“The World War” Lantern Slides

“The World War” Publicity Handbill from the University of Exeter

In 1915 London-based W. Butcher & Sons Ltd produced a set of 80 Lantern Slides called “The World War” as part of their Primus Lantern Lecture series. The slides were divided into ten chapters of 8 coloured slides and accompanying lecture notes. The illustrations were created by some of the period’s top war artists and some featured in magazines such as The Graphic and The Sphere.

I recently purchased 40 of these slides and have uploaded my scans to a World War Lantern Slides set on Flickr. I’ve also included links to PDFs of some of the original lecture notes, by kind permission of the Magic Lantern Society Slide Readings Library and Lucerna Magic Lantern Web Resource. The lecture notes are available for chapter 1, chapter 4, chapter 5, chapter 6, chapter 7 and chapter 8.

The three slides featured above are: #1 – A Call to Arms, #43 – Highland Pipers playing the Canadian Scottish into Ypres and #45 – The Motor Coach in War. The lecture notes for slide 43, jingoistic but typical of the period, are as follows:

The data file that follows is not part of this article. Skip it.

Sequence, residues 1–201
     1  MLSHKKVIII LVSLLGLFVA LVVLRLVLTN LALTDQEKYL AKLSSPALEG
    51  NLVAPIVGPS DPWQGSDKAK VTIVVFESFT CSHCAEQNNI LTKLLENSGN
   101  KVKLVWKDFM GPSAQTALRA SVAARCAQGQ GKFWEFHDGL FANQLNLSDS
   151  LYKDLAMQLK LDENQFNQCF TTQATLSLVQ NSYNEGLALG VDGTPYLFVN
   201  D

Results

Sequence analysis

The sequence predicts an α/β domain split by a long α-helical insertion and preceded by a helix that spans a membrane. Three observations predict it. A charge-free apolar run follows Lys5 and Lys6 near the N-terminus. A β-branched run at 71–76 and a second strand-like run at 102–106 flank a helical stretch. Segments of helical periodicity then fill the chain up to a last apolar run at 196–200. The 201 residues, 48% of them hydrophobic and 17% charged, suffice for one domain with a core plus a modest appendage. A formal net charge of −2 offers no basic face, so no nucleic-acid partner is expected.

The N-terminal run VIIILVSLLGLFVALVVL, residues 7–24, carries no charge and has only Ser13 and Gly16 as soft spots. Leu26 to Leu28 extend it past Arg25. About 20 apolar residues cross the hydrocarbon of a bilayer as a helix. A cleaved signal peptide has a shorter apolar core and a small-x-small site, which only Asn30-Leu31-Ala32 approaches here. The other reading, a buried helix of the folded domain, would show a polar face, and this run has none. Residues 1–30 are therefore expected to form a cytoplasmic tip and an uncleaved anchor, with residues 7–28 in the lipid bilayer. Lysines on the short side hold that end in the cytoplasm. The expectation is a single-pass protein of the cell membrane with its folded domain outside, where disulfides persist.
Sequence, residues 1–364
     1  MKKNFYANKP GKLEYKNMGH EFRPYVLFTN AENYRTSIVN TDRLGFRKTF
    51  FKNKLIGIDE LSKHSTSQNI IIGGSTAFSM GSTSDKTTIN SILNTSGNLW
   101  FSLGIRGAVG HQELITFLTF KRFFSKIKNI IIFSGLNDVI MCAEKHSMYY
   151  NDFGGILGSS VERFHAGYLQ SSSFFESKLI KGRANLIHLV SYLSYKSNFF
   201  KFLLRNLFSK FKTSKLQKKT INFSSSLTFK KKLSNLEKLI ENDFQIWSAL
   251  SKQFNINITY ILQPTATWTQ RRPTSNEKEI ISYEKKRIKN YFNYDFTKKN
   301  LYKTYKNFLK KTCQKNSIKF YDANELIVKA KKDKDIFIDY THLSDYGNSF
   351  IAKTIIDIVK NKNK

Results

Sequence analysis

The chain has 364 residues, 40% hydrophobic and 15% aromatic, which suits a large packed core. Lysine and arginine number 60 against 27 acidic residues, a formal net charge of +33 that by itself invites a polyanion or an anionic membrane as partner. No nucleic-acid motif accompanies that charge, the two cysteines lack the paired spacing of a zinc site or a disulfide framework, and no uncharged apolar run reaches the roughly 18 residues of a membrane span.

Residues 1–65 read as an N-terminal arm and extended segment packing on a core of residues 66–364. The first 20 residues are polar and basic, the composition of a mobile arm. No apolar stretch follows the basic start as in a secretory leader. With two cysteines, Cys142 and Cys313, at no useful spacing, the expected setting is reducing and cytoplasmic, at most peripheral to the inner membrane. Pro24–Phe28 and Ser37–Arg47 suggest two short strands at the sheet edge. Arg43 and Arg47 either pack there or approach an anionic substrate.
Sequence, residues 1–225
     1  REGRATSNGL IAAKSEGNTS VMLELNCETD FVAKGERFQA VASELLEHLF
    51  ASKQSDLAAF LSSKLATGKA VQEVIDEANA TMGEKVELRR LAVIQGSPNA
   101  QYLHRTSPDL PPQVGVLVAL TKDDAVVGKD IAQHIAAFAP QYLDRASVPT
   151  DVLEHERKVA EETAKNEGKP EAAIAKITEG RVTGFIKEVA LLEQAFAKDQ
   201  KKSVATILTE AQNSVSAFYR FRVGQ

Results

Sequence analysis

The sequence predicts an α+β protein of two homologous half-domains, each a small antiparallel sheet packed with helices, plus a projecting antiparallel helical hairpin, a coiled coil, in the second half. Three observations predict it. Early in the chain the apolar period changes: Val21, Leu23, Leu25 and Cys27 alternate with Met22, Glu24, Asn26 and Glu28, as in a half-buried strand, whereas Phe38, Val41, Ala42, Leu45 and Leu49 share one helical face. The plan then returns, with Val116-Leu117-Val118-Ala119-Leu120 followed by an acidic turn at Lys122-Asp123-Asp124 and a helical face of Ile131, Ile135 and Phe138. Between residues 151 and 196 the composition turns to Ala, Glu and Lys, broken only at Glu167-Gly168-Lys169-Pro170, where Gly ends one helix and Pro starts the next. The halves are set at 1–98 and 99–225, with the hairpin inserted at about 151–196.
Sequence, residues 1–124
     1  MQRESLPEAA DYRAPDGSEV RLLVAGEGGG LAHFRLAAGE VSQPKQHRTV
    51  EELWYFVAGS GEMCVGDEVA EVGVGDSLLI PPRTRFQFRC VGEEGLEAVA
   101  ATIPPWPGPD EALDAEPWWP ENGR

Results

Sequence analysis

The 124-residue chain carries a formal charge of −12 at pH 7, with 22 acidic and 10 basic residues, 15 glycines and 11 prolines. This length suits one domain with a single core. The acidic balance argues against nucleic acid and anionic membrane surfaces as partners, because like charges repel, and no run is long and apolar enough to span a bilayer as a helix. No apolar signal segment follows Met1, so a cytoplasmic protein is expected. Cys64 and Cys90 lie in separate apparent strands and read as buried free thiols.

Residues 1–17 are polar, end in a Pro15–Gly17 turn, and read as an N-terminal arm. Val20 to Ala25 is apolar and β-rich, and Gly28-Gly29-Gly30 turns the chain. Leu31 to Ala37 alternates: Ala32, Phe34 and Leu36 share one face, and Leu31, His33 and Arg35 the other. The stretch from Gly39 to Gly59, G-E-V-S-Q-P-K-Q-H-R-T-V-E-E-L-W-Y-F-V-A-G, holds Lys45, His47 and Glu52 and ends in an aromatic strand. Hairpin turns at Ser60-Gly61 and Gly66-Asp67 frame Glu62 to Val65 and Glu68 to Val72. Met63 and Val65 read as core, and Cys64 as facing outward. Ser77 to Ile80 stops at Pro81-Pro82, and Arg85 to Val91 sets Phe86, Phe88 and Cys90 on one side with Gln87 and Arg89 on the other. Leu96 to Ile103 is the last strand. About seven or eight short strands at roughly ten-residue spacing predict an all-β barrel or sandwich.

Our picture shows a remarkable example of that Empire brotherhood which is formed and strengthened by the facing of a common danger and the daring of death in a common cause. No part of our far-flung Empire responded to the call of arms more nobly than Canada, which sent her men and her money without stint to the help of the Mother Country. Canada, like London and Liverpool, has her Scottish regiments, who preserve the fighting tradition of “Caledonia stern and wild,” and soon proved their mettle in the struggle with the lawless barbarians of Central Europe. After the famous fight at Langemarck, where the Canadians suffered heavily, though not so heavily as their foes, the Canadian Scottish tramped back through Ypres. The regiments in reserve in the town turned out in crowds, cheering themselves hoarse in the warm and unselfish admiration of what their brethren from overseas had done. The pipers of a Highland regiment went out to welcome them and headed them through the streets, playing them into camp to the old familiar tunes which had so often stirred the hearts of thousands in peace time. The scene was one to be remembered by those who saw it for the rest of their lives.

 

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